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Mariners blog

Daily coverage of the Mariners during the season and all year long.

August 13, 2007 at 11:09 PM

Give the man a hand; M’s win 4-3

Just got up from the clubhouse where a very humble sounding Richie Sexson spoke at length about the dramatic turnaround in the reception of fans towards him. Sexson of course, hit the game-winning home run off Matt Guerrier in the bottom of the ninth to give his team a 4-3 victory over the Minnesota Twins. Sexson had doubled home a pair of runs in the first inning as well, while striking out twice.
The first at-bat drew thunderous cheers, followed by two smattering of boos and then as loud an eruption of applause as we’ve heard all year at Safeco Field. What a week it’s been for Sexson and some of his struggling teammates, like Raul Ibanez. Jose Vidro has heard the boos this year, but he’s also turned his game around since early July and delivered three more hits tonight after committing that first inning error.
Sexson repeated his comments from the road about how he and teammates are mystified by some of the “little bit of a negative vibe” still lingering in the stands whenever his teammates make a mistake. Listen to that audio and the bulk of what he had to say right here.
Again, the audio is important because it puts context into the words Sexson said, shows his calm frame of mind and that he isn’t lashing out at anyone. Merely being curious and that’s OK because we like that on this blog. We like people who raise topics for debate without being a jerk about it. This is one of those times when quotes in a newspaper don’t do a story justice because Sexson was not being bitter about anything. Here’s a quote that backs that up:
“I’ve dug my own grave this year with the fans,” Sexson readily admitted. “I think they’re just booing me because they want me to be good. I don’t think it’s a stab against my personality or my work ethic or anything. They just want me to be good, so that’s the way it goes.”
But Sexson also raises a valid question worthy of further discussion. The booing of a team that is now 16 games over .500 for the first time in four years. You’ve all heard my take on booing home team players. I think the fans pay the freight and can do what they want. They are far worse in other cities.
The Sexson quotes tonight, however, take the debate down another path.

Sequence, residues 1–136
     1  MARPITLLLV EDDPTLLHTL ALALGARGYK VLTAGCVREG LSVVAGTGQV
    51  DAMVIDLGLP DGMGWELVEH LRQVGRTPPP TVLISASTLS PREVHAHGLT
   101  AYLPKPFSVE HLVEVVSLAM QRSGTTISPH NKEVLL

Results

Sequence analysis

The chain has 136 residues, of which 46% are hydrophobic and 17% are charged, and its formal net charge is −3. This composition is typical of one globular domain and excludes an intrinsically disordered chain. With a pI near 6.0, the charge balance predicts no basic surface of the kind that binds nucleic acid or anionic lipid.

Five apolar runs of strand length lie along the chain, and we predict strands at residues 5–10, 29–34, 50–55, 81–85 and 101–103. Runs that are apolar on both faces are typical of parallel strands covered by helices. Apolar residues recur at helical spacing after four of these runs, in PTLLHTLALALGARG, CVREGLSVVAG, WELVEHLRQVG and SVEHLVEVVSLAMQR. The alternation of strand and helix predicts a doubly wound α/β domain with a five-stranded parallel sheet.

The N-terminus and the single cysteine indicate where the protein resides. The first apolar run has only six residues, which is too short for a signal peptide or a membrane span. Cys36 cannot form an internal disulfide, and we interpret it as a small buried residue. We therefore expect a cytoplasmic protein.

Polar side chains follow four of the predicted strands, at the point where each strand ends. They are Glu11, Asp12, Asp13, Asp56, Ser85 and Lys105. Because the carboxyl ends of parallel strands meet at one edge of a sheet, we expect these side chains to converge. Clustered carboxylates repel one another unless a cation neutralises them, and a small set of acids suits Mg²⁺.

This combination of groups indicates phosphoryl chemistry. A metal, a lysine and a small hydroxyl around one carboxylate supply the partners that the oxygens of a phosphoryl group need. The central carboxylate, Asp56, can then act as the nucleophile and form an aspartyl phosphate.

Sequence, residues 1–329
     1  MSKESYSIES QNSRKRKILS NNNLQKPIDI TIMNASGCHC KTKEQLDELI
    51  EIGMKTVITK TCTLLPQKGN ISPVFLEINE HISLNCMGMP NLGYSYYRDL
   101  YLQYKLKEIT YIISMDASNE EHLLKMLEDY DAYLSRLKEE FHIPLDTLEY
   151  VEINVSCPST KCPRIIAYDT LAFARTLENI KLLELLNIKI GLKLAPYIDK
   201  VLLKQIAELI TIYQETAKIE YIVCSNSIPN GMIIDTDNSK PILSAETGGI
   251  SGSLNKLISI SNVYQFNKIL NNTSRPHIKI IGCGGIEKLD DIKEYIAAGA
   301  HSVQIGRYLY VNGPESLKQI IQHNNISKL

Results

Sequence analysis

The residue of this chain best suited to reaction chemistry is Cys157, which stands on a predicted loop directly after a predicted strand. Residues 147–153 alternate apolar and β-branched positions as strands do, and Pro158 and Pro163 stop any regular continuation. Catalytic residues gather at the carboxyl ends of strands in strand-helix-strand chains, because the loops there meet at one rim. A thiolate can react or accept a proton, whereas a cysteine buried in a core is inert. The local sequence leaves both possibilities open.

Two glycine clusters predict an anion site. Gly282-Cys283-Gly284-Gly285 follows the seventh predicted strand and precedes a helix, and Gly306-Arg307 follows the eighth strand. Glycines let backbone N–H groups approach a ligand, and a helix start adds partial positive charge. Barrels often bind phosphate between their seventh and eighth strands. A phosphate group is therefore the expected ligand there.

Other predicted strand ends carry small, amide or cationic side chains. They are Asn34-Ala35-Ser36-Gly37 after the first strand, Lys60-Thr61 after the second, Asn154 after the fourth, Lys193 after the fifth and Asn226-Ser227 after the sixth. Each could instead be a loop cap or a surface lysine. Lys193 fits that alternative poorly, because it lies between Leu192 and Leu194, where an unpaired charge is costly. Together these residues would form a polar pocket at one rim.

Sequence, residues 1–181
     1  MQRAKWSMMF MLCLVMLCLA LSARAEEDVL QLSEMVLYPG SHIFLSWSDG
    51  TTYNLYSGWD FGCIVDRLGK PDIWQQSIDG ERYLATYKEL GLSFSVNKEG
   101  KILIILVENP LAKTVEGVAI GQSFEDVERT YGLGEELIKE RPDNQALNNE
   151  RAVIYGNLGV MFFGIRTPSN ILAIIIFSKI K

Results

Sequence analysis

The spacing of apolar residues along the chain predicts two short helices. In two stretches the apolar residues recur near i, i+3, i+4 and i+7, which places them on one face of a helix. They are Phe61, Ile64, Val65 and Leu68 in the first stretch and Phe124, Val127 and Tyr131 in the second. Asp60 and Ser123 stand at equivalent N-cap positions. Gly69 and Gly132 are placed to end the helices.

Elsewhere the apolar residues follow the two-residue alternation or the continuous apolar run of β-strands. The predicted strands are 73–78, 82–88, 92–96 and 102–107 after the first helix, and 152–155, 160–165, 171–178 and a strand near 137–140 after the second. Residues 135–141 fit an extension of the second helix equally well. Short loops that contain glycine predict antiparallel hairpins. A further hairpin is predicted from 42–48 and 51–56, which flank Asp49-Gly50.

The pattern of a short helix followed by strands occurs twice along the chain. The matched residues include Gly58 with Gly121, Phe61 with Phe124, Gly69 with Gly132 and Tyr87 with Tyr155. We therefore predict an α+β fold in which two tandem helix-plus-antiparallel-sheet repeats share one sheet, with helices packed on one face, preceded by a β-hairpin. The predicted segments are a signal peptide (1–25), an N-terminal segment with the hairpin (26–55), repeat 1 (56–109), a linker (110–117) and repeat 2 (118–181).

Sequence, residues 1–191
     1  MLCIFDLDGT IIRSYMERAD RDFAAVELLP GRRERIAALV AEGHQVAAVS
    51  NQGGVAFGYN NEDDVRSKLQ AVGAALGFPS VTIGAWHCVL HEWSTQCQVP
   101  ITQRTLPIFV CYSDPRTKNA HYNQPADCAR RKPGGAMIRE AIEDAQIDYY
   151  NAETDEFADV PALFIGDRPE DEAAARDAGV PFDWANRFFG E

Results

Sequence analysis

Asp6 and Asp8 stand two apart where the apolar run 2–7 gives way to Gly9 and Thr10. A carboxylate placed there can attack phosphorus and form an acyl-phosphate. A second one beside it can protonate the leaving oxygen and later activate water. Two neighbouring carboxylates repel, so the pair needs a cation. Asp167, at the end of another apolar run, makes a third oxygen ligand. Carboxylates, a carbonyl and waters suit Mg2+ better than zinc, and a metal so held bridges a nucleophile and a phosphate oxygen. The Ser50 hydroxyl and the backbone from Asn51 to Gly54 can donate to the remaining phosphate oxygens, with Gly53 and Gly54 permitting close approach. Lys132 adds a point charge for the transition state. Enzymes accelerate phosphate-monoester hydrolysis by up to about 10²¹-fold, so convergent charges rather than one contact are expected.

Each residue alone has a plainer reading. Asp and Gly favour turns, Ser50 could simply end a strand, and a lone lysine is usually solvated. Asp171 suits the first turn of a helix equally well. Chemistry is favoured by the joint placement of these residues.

“It’s just a mystery, we don’t get it,” Sexson said, adding that he and his teammates have discussed the issue in the clubhouse. “That’s the thing. We don’t understand where it’s coming from because we’ve got a bunch of guys in here that bust their tails to win games.
“There’s going to be mistakes on the baseball field and I promise you, none of them are mental. They’re all physical mistakes. Guys are trying to play hard and sometimes things don’t go right.”
I’ll play the audio here. The question to Sexson was whether he and his teammates were bothered by the frequent booing of what has become a very good baseball team.
So, here’s the debate. Is it a good thing for the home team’s fans to be a little more critical? To demand more of their players, especially when there is something at stake? After all, why would Seattle fans bother to boo the last place team seen here the past three seasons? Who cares enough to waste energy doing that? But now, there is something at stake. Something worth expressing frustration over. I have a theory that this is what’s been happening to some Seattle players.
And it isn’t only Sexson. He’s taken the brunt of criticism so far, but is hardly alone. Raul Ibanez heard the boo-birds a couple of weeks ago. Vidro had them throughout the first half. John Parrish got a rough introduction to the Seattle crowd when his four-pitch walk and ensuing single allowed, resulted in a pair of seventh inning runs that tied the game and ended Felix Hernandez’s bid at a victory.
So, what do you think? Is my theory out to lunch? or is Sexson’s “mystery” solved? You tell me.
Hernandez pitched a great game after that 31-pitch first inning and deserved a better fate. He said he still felt strong enough to continue at 110 pitches, but McLaren wisely took him out.
I’ll tell you what, McLaren sure came out ahead on a lot of those moves he made tonight. Even the ones I didn’t always agree with. Willie Bloomquist looked great at third, Adam Jones got playing time and the bats of Sexson, Vidro and Ibanez delivered. J.J. Putz got the win. You have to hand it to the manager. His team is winning. Remember what Sexson was talking about — booing guys when they win? A lot of boos have been directed McLaren’s way online. Has he been perfect as a manager? Hardly. But the online booing seems to have grown the past week, even as McLaren has gone 6-1. Does Sexson have a valid point? Are fans being too critical, as opposed to too passive in the past? It’s a strong pendulum, to be sure. Here are McLaren’s post-game comments, mostly about Sexson and his endurance of the boos.
So, is the criticism justified? I wonder. I also wonder why fans in Boston and New York are applauded for being vigilant with good teams in those cities while Seattle fans are thrown into question for doing the same thing. Are the fans in those cities held to a higher standard than ours? Do they know more about the game?
Interesting subject raised by Sexson. Let’s tackle it.

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